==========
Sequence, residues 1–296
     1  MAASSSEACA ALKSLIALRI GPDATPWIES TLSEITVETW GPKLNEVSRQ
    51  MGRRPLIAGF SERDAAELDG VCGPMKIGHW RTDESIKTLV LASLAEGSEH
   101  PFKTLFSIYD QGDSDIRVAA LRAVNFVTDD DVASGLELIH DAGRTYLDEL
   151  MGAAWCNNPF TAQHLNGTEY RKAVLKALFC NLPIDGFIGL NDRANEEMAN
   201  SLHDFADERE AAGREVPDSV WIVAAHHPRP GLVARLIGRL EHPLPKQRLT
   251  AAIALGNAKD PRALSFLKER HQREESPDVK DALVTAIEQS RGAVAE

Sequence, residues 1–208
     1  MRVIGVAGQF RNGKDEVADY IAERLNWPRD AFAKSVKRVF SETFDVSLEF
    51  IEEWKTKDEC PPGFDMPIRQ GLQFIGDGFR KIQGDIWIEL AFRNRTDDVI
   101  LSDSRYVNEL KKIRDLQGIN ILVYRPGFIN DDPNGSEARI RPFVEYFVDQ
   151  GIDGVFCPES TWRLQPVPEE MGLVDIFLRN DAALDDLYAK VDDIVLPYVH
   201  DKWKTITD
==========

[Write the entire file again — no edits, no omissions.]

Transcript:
Sequence, residues 1–296
     1  MAASSSEACA ALKSLIALRI GPDATPWIES TLSEITVETW GPKLNEVSRQ
    51  MGRRPLIAGF SERDAAELDG VCGPMKIGHW RTDESIKTLV LASLAEGSEH
   101  PFKTLFSIYD QGDSDIRVAA LRAVNFVTDD DVASGLELIH DAGRTYLDEL
   151  MGAAWCNNPF TAQHLNGTEY RKAVLKALFC NLPIDGFIGL NDRANEEMAN
   201  SLHDFADERE AAGREVPDSV WIVAAHHPRP GLVARLIGRL EHPLPKQRLT
   251  AAIALGNAKD PRALSFLKER HQREESPDVK DALVTAIEQS RGAVAE

Sequence, residues 1–208
     1  MRVIGVAGQF RNGKDEVADY IAERLNWPRD AFAKSVKRVF SETFDVSLEF
    51  IEEWKTKDEC PPGFDMPIRQ GLQFIGDGFR KIQGDIWIEL AFRNRTDDVI
   101  LSDSRYVNEL KKIRDLQGIN ILVYRPGFIN DDPNGSEARI RPFVEYFVDQ
   151  GIDGVFCPES TWRLQPVPEE MGLVDIFLRN DAALDDLYAK VDDIVLPYVH
   201  DKWKTITD